I went in to “How to Train Your Dragon” expecting yet another big, busy 3-D feature more interested in making my eyes pop and my stomach flop than engaging my heart or making me smile. I came away smiling. This movie was a pleasant surprise.
The story’s nothing new or original – this boy-meets-dog-and-saves-world all over again. Scrawny young Viking Hiccup (Jay Baruchel) is a big disappointment to his dragon-fighting father (Gerard Butler) the town chief, or kahuna, or honcho, or whatever Vikings call their leaders. He is inept at the most Most Important Thing About Being A Viking – killing dragons. Until he accidentally manages to wing one of the most dangerous dragons, then befriends it, or at least learns how to ride it. (Where I come from, you don’t ride your friends. Not much, anyway.) This is the part that feels familiar – the scenes of Hiccup and Toothless (the dragon) playing, learning, and flying together reminded me of both “Free Willy” and the forgotten classic “The Black Stallion.” Reminded me in a good way; “How to Train Your Dragon” is proof that you don’t necessarily need an original story; you just need to make sure the story is told well.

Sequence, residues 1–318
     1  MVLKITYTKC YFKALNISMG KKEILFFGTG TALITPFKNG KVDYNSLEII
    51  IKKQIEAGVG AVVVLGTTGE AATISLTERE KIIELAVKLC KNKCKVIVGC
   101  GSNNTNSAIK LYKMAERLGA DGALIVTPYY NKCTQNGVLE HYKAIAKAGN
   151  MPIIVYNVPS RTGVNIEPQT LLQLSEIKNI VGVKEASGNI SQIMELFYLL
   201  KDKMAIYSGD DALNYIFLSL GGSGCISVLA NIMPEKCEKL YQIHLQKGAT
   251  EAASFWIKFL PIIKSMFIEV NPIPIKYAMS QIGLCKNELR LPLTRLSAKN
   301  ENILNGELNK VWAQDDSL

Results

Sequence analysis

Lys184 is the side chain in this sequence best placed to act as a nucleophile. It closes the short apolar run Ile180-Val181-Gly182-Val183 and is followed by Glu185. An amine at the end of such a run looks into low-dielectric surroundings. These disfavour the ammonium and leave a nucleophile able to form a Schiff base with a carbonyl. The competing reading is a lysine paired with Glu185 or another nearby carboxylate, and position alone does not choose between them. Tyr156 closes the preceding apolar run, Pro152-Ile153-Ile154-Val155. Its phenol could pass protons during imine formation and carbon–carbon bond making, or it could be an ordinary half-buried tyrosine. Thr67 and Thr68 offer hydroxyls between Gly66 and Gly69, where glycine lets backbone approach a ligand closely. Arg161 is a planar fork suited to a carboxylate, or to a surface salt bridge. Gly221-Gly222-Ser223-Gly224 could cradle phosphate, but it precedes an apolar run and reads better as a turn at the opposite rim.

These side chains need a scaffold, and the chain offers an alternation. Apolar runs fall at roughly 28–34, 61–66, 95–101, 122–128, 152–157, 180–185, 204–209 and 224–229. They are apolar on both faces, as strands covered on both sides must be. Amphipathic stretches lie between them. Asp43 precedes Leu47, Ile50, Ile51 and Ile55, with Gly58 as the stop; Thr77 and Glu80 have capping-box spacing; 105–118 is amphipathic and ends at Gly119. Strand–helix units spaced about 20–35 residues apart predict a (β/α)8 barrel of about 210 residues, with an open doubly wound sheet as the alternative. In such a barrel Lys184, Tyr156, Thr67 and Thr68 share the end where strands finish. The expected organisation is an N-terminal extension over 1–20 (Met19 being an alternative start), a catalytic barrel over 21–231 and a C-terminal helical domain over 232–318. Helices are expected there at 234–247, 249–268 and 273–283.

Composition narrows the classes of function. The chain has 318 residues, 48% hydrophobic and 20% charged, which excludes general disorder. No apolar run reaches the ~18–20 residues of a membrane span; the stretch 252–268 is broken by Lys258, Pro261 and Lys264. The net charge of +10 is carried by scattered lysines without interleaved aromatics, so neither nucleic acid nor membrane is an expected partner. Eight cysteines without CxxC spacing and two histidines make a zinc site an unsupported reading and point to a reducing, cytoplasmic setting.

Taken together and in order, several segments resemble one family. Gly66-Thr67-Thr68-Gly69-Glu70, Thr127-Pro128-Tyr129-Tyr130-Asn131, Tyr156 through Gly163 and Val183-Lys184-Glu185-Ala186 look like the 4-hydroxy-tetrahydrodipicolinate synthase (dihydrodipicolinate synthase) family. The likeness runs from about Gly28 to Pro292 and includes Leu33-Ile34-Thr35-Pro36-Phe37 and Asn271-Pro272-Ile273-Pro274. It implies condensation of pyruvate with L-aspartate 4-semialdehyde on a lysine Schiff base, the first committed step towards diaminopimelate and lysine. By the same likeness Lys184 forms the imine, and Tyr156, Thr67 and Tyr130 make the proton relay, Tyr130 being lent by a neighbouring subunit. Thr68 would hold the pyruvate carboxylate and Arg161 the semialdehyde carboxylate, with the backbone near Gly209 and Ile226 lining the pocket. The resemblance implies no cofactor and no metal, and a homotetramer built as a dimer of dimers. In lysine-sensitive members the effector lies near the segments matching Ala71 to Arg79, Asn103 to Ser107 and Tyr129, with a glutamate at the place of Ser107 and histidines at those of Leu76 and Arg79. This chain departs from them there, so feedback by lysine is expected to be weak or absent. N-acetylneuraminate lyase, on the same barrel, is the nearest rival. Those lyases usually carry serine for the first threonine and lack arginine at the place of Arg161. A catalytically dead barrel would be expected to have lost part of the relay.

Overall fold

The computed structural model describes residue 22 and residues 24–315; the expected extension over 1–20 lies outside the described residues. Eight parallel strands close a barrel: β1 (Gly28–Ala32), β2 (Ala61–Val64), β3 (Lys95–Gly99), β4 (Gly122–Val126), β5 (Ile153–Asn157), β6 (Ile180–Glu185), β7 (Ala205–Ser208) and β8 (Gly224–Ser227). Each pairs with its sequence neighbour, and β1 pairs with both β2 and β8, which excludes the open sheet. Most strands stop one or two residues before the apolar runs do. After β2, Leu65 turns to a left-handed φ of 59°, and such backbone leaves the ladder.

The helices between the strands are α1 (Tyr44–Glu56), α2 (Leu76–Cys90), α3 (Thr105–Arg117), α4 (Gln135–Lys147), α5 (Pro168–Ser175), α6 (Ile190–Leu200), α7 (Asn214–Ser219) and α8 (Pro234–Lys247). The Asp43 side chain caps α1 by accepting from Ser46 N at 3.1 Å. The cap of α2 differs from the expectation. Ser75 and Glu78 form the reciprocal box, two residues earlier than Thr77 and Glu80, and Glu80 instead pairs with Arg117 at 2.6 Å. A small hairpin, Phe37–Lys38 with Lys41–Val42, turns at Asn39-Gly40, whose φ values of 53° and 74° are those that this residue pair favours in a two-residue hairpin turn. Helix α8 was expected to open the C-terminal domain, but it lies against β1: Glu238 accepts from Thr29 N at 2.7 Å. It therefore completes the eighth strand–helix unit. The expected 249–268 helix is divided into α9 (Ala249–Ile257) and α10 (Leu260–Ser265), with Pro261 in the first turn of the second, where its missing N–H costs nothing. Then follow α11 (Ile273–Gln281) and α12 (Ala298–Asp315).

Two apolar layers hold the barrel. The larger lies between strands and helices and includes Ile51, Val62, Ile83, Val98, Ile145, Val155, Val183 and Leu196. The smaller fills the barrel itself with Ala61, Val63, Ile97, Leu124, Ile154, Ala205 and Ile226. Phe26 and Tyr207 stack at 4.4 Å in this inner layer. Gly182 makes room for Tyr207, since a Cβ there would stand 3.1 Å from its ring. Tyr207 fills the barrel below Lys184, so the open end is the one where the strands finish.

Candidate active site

The 3-D visuals in “How to Train Your Dragon” are refreshingly sharp, making me think that maybe animation is where 3-D should stay. And, believe it or not, the action sequences here are as good as – even better than – anything in Avatar. Yes, I know; people rode beasts who looked a lot like dragons in “Avatar.” “Dragon” shows what James Cameron didn’t do – he didn’t capture that feel of soaring, gliding, riding the air — the giddiness, the joy. And New York Times critic A.O. Scott points out, ever since we’ve been making movies, we’ve been making movies about that feeling of flying. “How to Train Your Dragon,” this warm, well-told kid’s movie, is the first 3-D movie to really add to that elusive quest. As a 3-D film, it soars above the rest.